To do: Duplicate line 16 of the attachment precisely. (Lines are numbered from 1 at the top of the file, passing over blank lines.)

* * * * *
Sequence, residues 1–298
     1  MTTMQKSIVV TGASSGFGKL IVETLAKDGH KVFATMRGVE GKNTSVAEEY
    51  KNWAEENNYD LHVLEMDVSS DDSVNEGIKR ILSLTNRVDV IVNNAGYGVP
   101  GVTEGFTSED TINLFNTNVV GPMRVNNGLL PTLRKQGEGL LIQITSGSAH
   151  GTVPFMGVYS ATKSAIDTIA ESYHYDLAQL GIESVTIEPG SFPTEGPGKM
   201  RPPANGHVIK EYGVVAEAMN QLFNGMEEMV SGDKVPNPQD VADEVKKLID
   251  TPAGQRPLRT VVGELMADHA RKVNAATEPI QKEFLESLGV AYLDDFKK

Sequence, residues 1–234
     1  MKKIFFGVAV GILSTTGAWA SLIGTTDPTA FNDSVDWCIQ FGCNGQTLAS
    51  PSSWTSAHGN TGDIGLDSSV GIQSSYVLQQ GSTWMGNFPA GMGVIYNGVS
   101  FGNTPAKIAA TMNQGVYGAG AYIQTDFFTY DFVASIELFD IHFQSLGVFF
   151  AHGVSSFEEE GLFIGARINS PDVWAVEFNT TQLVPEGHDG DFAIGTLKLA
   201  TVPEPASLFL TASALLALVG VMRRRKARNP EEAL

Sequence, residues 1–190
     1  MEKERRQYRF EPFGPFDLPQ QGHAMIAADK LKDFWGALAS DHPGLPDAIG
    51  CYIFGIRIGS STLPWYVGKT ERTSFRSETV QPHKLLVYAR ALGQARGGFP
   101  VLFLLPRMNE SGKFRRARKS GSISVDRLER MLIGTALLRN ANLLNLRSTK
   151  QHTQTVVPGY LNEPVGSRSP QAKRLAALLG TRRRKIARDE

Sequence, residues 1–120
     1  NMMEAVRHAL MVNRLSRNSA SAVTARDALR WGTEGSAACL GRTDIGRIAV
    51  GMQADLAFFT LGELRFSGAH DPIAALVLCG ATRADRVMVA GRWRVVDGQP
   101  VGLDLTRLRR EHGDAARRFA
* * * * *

    51  CYIFGIRIGS STLPWYVGKT ERTSFRSETV QPHKLLVYAR ALGQARGGFP